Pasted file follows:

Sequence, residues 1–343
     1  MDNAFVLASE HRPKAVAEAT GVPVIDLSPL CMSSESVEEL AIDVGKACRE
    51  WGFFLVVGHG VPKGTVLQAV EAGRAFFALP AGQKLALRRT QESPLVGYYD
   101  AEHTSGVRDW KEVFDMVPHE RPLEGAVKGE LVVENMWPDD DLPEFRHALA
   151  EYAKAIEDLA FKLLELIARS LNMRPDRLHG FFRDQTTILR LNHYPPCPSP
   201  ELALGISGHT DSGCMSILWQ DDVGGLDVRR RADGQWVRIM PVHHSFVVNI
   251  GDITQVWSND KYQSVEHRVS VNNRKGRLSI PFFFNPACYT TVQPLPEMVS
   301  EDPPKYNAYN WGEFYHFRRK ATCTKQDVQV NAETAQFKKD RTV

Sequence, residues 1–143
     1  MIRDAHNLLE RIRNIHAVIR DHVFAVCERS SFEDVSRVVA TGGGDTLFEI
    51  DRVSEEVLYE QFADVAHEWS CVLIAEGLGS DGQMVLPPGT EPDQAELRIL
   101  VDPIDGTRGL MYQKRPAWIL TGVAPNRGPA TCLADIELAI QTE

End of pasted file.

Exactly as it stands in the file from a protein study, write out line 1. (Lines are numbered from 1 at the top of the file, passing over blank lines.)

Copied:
Sequence, residues 1–343